Tuesday, June 18, 2013

Begone ADF!

I haven't flown an NDB approach since my instrument training, and even then I didn't do it well.  They're easy in no wind, basically you just put the nose on the same heading as the needle.  In any kind of cross wind though, I was always confounded at maintaining a given radial and ended up flying a homing pigeon approach.  I hated the fact that the rental plane I was training in at the time was equipped with one and that therefore my instructor thought it was super important that I mastered it.  I can't say how many hours I wasted trying to learn to fly them well.  All of that was wasted effort too, as I wasn't tested on them on my checkride, and of course since the approaches are basically obsolete and have been for some time, whatever skill I had mustered was promptly lost after I got my ticket.  I haven't looked back since, my plane has not had an ADF (the instrument used to fly the NDB approach) since I bought it.  Good riddance... except for this:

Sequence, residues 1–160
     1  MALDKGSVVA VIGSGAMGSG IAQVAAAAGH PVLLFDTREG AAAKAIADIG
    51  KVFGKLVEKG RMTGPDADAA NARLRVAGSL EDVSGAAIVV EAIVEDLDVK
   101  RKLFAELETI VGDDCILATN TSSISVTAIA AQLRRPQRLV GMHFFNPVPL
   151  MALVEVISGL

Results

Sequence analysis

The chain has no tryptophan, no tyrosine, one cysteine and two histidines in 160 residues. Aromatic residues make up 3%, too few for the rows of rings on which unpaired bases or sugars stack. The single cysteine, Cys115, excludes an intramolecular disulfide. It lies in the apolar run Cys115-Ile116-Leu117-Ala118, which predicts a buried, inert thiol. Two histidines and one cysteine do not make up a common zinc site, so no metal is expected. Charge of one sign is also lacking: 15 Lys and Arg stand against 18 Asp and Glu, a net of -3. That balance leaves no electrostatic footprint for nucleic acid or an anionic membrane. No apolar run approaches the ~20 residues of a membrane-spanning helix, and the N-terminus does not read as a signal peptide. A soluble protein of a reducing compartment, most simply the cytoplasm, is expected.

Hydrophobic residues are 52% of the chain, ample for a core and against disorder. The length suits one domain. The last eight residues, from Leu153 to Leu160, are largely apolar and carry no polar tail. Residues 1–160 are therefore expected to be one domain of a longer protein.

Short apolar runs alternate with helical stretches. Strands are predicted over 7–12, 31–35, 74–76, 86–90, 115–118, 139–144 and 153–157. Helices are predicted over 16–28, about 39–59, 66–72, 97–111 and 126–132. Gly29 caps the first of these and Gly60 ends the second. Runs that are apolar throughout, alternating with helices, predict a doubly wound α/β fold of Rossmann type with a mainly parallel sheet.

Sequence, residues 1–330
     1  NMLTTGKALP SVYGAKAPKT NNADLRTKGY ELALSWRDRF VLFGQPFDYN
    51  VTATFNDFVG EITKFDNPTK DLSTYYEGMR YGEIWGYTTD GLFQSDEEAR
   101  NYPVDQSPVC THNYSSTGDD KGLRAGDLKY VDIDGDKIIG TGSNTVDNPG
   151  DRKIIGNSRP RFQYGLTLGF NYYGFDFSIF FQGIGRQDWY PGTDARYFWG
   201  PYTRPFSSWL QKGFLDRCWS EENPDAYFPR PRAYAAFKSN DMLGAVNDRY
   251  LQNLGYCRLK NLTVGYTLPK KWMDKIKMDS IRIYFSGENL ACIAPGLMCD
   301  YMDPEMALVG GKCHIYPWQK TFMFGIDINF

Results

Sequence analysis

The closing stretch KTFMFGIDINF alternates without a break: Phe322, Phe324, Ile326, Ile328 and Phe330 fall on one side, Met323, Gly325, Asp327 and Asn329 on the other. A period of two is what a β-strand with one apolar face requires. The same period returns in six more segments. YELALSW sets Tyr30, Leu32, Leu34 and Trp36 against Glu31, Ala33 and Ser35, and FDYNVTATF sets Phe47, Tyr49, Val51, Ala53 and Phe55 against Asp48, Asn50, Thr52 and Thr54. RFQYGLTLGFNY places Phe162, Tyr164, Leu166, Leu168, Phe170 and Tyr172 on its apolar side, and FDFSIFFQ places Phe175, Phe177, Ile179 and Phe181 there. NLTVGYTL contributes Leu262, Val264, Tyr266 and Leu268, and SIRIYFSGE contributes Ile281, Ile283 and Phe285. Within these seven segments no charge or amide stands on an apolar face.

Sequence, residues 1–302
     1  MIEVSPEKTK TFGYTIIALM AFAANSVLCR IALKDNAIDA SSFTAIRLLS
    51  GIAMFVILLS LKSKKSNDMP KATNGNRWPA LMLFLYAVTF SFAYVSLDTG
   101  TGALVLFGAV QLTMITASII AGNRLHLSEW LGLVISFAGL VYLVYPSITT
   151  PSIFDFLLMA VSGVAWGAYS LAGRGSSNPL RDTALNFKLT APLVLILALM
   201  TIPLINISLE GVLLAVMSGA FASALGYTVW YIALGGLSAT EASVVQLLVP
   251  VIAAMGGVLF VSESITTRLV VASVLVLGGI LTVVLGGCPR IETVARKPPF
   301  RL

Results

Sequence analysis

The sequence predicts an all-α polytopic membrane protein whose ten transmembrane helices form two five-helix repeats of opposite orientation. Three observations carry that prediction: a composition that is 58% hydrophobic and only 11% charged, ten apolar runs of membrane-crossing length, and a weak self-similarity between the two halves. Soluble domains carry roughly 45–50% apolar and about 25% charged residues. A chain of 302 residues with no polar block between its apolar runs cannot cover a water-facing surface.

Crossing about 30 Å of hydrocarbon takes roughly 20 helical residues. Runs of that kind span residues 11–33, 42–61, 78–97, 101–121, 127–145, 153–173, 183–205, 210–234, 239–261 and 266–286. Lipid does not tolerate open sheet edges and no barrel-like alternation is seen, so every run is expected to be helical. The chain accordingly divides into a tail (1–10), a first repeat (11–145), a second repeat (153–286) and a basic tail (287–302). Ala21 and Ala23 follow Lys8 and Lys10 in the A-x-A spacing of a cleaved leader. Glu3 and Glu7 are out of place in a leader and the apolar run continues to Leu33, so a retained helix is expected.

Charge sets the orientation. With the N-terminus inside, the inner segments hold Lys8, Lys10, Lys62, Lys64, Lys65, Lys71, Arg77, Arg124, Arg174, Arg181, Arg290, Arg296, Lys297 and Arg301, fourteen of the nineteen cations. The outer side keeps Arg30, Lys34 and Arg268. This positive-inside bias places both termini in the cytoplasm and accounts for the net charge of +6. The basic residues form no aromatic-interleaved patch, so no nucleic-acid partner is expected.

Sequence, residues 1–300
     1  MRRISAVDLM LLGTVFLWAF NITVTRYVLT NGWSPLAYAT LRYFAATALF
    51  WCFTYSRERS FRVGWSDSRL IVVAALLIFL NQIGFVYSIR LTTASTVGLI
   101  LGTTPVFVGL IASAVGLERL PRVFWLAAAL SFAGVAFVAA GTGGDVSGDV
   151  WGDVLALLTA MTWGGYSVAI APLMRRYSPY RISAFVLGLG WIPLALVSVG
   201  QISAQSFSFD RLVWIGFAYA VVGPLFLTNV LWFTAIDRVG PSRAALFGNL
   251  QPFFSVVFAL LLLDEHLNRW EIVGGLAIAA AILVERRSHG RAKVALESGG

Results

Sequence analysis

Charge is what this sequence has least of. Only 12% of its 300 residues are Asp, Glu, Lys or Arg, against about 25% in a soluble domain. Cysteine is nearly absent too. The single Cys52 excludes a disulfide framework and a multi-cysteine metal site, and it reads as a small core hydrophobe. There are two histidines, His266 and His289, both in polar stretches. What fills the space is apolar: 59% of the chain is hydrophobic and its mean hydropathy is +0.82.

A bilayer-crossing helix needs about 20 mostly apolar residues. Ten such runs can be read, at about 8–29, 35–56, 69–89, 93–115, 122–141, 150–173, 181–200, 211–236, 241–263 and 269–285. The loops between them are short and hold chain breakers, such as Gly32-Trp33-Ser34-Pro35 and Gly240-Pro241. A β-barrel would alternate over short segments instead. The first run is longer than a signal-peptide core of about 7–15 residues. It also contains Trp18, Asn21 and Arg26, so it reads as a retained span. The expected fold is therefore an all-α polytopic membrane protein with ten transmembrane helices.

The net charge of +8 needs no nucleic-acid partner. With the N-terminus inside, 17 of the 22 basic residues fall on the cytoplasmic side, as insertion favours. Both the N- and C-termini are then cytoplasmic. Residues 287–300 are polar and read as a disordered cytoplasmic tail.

That metal thing hanging down is the battery drain, which is over a foot long so that it can also serve double duty as the attach point for the long wire which connects the NDB antennae to the tail.  It always bothered me that this huge honking stick of metal is hanging out in the breeze creating drag.  Some people cut them down with a hacksaw, but I couldn't do that to my plane.  Then I found this:

It's an STC'd replacement part from a company called South Seas Ventures (http://www.southseasparts.com).  That little hunk of metal which probably cost $4 of course costs $90 with the FAA paperwork attached, but I bit the bullet. 

Much better!  That ought to be good for what, 1 kt or so?  Maybe...


  1. I was lucky enough to do the IFR in a 172R, with an autopilot and no ADF - and I was happy for it!

  2. Thanks Adam a bunch - I ordered their replacement knobs and completely missed this. Another order is in the works ...